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‘Behind everything was this lingering drug situation’: Chris Stein on Blondie’s heyday

theguardian.com – 2nd June 2024

The Observer – Blondie

Chris Stein

Blondie in 1979 (l-r): Frank Infante, Chris Stein, Nigel Harrison, Debbie Harry, Jimmy Destri and Clem Burke. Photograph: Maureen Donaldson/Getty Images

In an extract from his new memoir, Under a Rock, the musician reflects on the practical problems of fame in the late 70s: crowds, cocaine and getting caught with it

We were really big stars now and it was very weird. I’m a very optimistic person and through this all, I always perhaps egomaniacally assumed that everything we did would be successful. At the same time the pressures were immense and for me getting stoned definitely buffered me from a lot of tensions and helped me tunnel- vision more of it.

Debbie met Jane Fonda, and one afternoon, Jane and Kris Kristofferson, who were filming Rollover, came to our apartment and we sat around smoking weed and watching The Tin Drum. I would just keep smoking indefinitely, and by then I always had really great pot. I generally leaned towards indica if I could get it.

Jane and Debbie dropped out after four joints or so but Kristofferson kept pace with me. Bowie came over a couple of times and signed our David Bowie records. We had a party he was at that I don’t remember much of. We didn’t throw a lot of parties but we would frequently have people at our place.

We got to the UK as the Soviets were getting ready to invade Afghanistan on Christmas Eve. Right at the onset we did an in-store appearance at Our Price Records on Kensington High Street. We’d been there previously and a lot of people, hundreds, had shown up to get autographs. This time there were a few thousand. The cops closed off the street. We went up to an office on the second floor and when Debbie stuck her head out the window and waved, the crowd cheered like they’d seen a goal at a football match.

Chris Stein at home in New York. Photograph: Mike McGregor/The Observer

It took hours to sign autographs in the store and when we left, we were crushed by crowds and almost left Nigel [Harrison, bassist] behind in the scramble to get on the bus. This kept happening. At many shows we had to push our way though a surging crowd as we were leaving. Beyond a few scrapes, no one was seriously injured. We picked up bodyguard Steve English. Steve was a total British OG hard-man type, a bright guy with a great sense of humor. He was (and still is) huge and powerful, like a human wall. Steve had been Johnny Rotten’s bodyguard and had kept him from being impaled on various occasions.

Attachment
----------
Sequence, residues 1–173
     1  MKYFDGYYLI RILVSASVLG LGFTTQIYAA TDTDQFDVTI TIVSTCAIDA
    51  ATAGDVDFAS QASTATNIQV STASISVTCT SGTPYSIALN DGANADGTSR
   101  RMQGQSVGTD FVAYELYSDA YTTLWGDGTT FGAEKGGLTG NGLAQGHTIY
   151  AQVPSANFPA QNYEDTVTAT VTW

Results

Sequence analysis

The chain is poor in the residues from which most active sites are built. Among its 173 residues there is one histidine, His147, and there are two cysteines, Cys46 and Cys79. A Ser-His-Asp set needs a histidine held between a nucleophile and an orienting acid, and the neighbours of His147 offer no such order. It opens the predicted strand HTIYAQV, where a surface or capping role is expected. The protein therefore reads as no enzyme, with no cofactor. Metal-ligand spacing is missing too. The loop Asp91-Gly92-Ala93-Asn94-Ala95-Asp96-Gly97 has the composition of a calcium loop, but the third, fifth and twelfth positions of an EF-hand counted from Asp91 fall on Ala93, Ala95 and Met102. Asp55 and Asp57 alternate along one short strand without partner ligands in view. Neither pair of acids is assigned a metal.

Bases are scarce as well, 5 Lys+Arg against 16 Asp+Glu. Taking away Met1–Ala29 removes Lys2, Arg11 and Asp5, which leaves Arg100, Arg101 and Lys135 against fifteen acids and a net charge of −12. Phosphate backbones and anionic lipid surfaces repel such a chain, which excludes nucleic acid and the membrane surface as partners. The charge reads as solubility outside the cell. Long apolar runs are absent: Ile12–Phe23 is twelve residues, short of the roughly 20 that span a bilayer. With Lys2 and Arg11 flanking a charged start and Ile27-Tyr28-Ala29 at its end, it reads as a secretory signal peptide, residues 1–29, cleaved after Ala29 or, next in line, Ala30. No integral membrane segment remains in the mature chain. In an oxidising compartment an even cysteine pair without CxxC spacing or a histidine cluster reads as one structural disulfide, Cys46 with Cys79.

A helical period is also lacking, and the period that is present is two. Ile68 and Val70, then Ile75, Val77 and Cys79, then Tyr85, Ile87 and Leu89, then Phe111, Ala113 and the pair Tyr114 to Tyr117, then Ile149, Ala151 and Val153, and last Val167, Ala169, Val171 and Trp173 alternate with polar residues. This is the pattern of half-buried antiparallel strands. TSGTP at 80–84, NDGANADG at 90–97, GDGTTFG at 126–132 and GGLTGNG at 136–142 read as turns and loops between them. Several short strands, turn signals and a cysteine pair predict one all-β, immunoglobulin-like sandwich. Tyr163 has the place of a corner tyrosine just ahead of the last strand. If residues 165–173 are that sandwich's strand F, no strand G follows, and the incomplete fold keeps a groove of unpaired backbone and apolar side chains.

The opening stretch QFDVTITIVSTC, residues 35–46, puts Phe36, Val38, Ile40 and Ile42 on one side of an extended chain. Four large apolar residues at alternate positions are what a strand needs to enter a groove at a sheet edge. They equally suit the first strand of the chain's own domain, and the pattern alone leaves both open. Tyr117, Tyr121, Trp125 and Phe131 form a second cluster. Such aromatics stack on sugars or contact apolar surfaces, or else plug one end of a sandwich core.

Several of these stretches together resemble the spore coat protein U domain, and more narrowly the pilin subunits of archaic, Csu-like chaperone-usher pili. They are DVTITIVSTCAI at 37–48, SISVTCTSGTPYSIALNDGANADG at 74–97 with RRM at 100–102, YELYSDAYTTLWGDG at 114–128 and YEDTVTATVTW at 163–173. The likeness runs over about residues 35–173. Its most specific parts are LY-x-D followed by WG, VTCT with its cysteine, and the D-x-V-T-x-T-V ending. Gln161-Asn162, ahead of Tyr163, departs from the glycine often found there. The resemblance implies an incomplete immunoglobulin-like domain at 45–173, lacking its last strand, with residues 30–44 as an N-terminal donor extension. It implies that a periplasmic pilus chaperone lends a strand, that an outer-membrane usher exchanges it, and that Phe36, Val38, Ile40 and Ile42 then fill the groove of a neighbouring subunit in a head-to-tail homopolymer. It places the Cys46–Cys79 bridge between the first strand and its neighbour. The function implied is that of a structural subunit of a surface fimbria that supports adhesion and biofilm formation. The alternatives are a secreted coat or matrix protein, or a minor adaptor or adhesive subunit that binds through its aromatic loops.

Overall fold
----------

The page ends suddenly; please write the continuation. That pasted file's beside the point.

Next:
Everything had a Christmas vibe. Debbie and me went on Swap Shop, a popular young people’s TV show, and the audience called in live. It was all little kids. It was amazing; all these sweet-sounding children loved Debbie. I was watching an old Blondie show video without the sound on recently and I realized that Debbie comes off as part little kid doing a pretend show in front of a mirror and part erudite, glamorous, risky woman. Top of the Pops was Dreaming this time; it had gotten to No 2. I don’t remember if the BBC had given up on the fake-recording-to-placate-the-union- gods thing by then.

Debbie Harry and Chris Stein in New York, 1978. Photograph: Roberta Bayley/Redferns

Behind everything was this lingering drug situation. Cocaine was everywhere all the time. We would meet some big celebrity and he would pull a bag of blow out of his pocket. But a lot of people were doing heroin as well. People we knew were functioning addicts. We began seeing a guy named Al who turned us on to the art of chasing dragons. A simple form that still requires a little technique – it’s just inhaling the smoke of the dope while it is burned on tinfoil. We had screwed around with sniffing heroin already, but smoking it was pretty insidious. One night a neighbor of ours got mugged in Central Park. He fought off his attacker but got banged up and came over to our apartment. He was all bruised, so we chased some dragons with him without mentioning what it was. I think he thought it was some form of weed. He definitely left feeling better. That was the problem; it made you feel better.

At one point in one of the eternal Blondie tours, everyone was about to travel from Switzerland to Paris. Somebody in Zurich had given Debbie and me a bunch of heroin. As we were boarding the plane, after Debbie, Clem, and I went through the metal detector, one of the crew guys right behind us had a metal container of hashish in his shirt pocket that set off the alarm and he got nabbed. Everyone in the band and crew from the culprit back was taken away. Two security guys came on the plane and told us they’d be removing our luggage to investigate and asked if we wanted to leave the flight and accompany our bags as they were searched. Clem left; Debbie and me said no, thanks, and stayed on the flight. We did have this fairly large quantity of drugs with us and we became concerned lest we get busted arriving in Paris. We dumped most of the dope in the plane toilet but put a small amount in a cuff of Debbie’s pants. Of course nobody even looked at us when we landed, and we spent the afternoon stoned, wandering around the Champs-Élysées while everyone else sat around in an office at the Zurich airport in their underwear.

This is an edited extract from Under a Rock by Chris Stein, published by Corsair (£25).


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